Yuji: Yeah that was crazy too. because I didn’t know these people.

BYT: So you hired whomever you could find?

Yuji: Yeah I mean most people were very nice. I used to do demonstration at the French culinary institute like how to make sashimi from full fish, how to scale, how to filet, and then there was one guy who contacted me and he said ‘Can I work for you?’

BYT: Japanese?

Yuji: Korean. And I said ‘Sorry, I don’t have a restaurant. I mean I have a Kinfolk pop up but I’m not very busy.’ So when Time Out came I called a lot of people.

BYT: What are your favorite parts of Japanese culture that you miss being in the United States?

YUJI: Customer service in general is better in Japan. People take jobs very seriously, even people in convenience stores, like high school kids, they do jobs well, so overall the standard is higher for the work. In US, people work hard in higher-level work, but at the bottom, not so much. That is one thing I miss and never really got used to.

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BYT: Are you a good fisherman?

Yuji: I wouldn’t say I’m good but I try.

BYT: You didn’t get into seafood and the ocean stuff until you came to the US?

Yuji: Yeah. I was not good at it when I came but I wanted to be good at it so I kept buying fish for the company and went to a few customers and watched customers how they do it and went back home and did it at home. If you keep doing it for 6 years you’ll be good at it.

BYT: Anytime you do something 10,000 times you become an expert…

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Yuji: I think it’s more about the thinking. It’s not about doing it, it’s more about thinking about the structures, the how to… yeah it’s more about thinking. It’s not about how many times you do it. To me fishing is boring? But to be good at it you’ve got to think about it every single time. I make pasta at Roberta’s every day. It’s the same thing but it comes out different every day. The moisture is different each day, the feeling is different every day, so it’s a repetitious task but you want the result to be the same, so you change the process slightly every single time to get the same result.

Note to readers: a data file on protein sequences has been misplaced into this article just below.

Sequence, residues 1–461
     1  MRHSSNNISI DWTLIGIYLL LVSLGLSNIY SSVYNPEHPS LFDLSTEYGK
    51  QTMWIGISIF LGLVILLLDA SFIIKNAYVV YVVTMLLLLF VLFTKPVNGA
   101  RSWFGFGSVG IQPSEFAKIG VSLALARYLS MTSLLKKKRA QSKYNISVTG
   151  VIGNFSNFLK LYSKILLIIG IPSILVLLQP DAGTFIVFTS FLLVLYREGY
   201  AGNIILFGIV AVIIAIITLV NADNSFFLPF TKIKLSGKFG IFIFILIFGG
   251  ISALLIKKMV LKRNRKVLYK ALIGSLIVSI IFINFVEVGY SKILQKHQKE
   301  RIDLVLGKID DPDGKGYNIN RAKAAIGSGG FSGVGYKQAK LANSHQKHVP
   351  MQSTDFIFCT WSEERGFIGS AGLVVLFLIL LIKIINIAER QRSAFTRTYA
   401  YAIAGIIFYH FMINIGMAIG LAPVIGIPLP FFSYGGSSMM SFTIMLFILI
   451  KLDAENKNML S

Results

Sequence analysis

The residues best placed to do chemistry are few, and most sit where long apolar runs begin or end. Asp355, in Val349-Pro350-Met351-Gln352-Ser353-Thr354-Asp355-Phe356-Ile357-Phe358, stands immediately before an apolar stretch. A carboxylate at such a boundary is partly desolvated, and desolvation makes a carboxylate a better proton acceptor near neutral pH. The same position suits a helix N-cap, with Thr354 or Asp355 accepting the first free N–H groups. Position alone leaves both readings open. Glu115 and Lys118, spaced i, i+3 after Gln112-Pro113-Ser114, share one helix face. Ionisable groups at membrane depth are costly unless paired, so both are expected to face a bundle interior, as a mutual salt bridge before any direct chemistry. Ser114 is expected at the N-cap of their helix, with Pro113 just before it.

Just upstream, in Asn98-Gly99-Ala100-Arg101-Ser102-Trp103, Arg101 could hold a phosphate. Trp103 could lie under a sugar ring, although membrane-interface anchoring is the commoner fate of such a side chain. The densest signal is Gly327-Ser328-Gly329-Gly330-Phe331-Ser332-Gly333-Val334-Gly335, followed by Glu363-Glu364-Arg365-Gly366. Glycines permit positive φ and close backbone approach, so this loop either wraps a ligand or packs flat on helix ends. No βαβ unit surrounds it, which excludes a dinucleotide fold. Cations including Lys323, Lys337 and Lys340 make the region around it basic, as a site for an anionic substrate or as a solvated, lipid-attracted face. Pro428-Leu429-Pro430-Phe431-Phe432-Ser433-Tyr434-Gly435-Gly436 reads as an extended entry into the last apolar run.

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BYT: It’s like science…

Yuji: Yeah, yeah, it IS science.

BYT: The science of fishing and cooking…

Yuji: You know what I find strange? What’s interesting to me about comparison between meat and fish, it’s like – any city in Japan or US, people come to fish. Like you go to San Francisco, Seattle, the fish market becomes a tourist destination. But the meat, the slaughterhouse never becomes the destination. Even Japan too, like you go to the coastal cities of Japan that are tourist destinations…I think fish in general attracts people.